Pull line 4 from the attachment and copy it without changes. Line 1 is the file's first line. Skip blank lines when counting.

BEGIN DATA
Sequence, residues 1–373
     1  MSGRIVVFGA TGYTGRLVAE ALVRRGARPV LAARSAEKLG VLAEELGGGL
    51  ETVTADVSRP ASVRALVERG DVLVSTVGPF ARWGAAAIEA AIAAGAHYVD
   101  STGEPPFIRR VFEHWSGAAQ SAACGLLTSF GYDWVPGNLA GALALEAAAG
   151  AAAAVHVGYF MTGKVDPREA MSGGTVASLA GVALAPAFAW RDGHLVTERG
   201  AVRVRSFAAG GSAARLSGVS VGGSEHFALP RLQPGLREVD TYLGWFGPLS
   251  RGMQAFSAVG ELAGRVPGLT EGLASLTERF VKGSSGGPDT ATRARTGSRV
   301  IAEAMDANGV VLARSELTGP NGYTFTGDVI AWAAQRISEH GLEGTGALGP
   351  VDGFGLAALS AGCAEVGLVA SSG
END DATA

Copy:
   101  STGEPPFIRR VFEHWSGAAQ SAACGLLTSF GYDWVPGNLA GALALEAAAG